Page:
There are several things to consider when purchasing and installing sod. First and foremost is buying the right grass for your use and location. Some factors to consider when choosing a grass species and/or variety are amount of shade, traffic, level of care, desired quality, cold and drought tolerance.


Using a tape, measure the lawn area where sod will be installed. Make a sketch of the area with the measurements of the area where you plan to establish your lawn. Include the dimensions of sidewalks, parking areas, shrub beds and buildings. They will influence the total amount of sod you need to order. Once you have all of the measurements, calculate the total square footage of lawn area. If you are not sure how to do this, take your drawing and measurements to a local sod supplier. They can help you calculate just how much sod you will need to order.

There are 9 square feet in a "yard" of sod, so if you have 3,500 square feet of lawn area to plant you will need to order at least 388 yards of sod. 3,500 / 9 = 388. Many companies only sell sod in units of 50 yards per pallet.

Soil Preparation

Get your soil tested to determine the nutritional status of your soil. Results will also help you determine what soil amendments are needed to ensure a healthy, mature lawn.

Remove all grass and weeds in preexisting lawn. Roto-till the soil to ensure good sod to soil contact. After tilling, begin soil work to eliminate drainage problems (slope away from house, garage, etc.) and low areas in your lawn. Add organic amendments as needed based on your soil test results. Lightly till the soil and amendments to a depth of 4 to 5 inches. Rake the soil smooth and remove all rocks, large soil clods, and plant roots/sod chunks. Be sure to keep the soil level about 1 inch below sidewalks or the driveway.

Order and Schedule Delivery

Order your selected sod from a local sod retailer and schedule delivery after all soil preparation is completed and you are ready to install. All sod should be planted the day of delivery. Quick installation is crucial to ensuring a healthy lawn. The longer grass sits on a pallet the more likely it is to die, or take longer to establish.

Installation Running Bond Pattern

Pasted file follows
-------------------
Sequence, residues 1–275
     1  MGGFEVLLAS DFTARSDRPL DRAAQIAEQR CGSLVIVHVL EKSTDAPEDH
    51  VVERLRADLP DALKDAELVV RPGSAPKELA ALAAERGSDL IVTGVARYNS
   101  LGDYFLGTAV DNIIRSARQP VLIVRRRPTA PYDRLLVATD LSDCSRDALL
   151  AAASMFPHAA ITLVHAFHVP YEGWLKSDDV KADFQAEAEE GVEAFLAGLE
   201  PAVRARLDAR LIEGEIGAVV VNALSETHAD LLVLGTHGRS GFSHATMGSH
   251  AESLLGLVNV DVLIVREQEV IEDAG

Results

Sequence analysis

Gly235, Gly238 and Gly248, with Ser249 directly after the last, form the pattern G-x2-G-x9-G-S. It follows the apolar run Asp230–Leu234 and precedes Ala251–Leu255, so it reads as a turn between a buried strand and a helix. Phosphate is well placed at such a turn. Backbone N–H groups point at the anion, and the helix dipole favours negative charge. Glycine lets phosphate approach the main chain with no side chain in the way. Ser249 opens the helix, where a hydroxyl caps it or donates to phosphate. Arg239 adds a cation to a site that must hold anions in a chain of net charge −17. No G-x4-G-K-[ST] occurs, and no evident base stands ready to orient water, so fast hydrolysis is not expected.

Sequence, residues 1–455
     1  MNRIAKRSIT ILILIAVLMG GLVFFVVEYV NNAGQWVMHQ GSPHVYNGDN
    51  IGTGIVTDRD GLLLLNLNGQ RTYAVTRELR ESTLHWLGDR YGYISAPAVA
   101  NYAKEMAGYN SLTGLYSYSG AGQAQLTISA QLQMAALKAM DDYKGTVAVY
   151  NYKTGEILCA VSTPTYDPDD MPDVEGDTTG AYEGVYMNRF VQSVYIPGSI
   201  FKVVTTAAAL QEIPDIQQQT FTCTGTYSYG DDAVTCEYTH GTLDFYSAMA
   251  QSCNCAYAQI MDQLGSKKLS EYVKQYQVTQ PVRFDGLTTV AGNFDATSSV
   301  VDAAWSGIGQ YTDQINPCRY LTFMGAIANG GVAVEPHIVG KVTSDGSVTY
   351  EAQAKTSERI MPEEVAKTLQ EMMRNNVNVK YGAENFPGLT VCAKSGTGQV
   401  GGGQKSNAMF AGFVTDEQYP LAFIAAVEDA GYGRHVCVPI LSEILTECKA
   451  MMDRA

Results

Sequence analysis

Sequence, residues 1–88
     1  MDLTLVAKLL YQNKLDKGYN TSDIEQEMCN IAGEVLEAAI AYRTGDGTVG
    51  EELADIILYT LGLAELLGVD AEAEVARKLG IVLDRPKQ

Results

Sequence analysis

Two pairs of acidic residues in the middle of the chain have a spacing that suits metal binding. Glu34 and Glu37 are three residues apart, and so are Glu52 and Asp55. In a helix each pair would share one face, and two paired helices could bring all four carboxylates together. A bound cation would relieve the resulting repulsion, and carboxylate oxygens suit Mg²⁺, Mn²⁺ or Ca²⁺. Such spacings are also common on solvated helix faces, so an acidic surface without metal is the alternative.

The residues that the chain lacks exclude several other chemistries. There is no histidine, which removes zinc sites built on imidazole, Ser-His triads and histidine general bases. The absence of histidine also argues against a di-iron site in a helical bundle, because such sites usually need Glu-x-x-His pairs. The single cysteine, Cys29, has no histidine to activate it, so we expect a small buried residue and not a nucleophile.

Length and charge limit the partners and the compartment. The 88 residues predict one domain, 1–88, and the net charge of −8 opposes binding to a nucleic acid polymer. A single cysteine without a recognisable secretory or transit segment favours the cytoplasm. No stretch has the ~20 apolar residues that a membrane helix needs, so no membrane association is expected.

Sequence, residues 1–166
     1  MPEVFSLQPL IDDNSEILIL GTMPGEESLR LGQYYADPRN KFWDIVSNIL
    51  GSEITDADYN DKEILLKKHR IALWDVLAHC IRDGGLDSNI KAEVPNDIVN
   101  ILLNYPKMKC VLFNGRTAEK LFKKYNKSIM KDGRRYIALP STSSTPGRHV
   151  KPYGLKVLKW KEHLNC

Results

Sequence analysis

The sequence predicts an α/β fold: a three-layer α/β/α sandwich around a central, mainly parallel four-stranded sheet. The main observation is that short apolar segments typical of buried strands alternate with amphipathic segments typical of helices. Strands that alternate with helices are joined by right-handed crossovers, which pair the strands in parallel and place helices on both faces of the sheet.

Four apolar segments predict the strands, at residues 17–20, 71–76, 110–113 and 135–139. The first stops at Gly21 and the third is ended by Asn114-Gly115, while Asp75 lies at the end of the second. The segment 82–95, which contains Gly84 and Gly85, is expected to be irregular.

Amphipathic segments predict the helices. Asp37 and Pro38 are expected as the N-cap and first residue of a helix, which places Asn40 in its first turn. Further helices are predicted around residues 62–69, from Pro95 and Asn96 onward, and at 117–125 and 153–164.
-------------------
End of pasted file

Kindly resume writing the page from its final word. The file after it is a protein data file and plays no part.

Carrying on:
Install sod immediately after delivered. Begin installing sod along a driveway or sidewalk, pushing edges together tightly without stretching. Use a sharp knife, spade or machette to trim edges of sod to fit the landscape. Be sure to stagger joints of the sod in a brick-like (running bond) pattern to avoid continuous seams. Always place sod across steep slopes and stake in place if needed. Do not place small pieces of sod along outside edges. They will dry out and die. Begin watering sod within 30 minutes of installation. In hot weather, place unused sod in the shade and keep it moist until it is laid in the landscape. After a light watering, roll the sod with a roller to ensure good sod to soil contact.


Water new sod as soon as possible after installation. Professional sod companies commonly have a person hand watering sod as soon as it is laid. Water at least once per day during the first two weeks after installation. Use enough water to keep the sod and soil moist but not soaking wet. Make sure the sod and upper soil profile remain moist throughout the day. Be extra cautious during hot, dry and windy weather. Sod can quickly dry out. Proper watering will ensure good turf rooting into the soil. As soon as the new grass is well rooted (cannot pull grass from soil) begin a deep and infrequent watering program to promote a deep and healthy root system.

Maintaining The New Lawn

Until a new lawn has a fully established root system, avoid heavy use. Mow grass as soon as it starts growing. Make sure that you have a newly sharpened blade. Mow at the correct height for the grass. Scalping is not uncommon in newly planted lawns. If a scalped area does not clear up on its own after two or three mowings, you probably have an unlevel place in the lawn. Adding a light application of a sandy loam soil to the depression will help fill in and reduce the scalping. For deeper depressions, it may be easier to dig up the grass, fill in the depression and then replant. Remember to water deeply and infrequently, mow often with a sharpened mower, and watch for insect, disease or fertility problems.

Original information provided by Gene Taylor and Jason Gray, AggieTurf.

Grass Selection | Establishment | Soil Test | Mowing | Water

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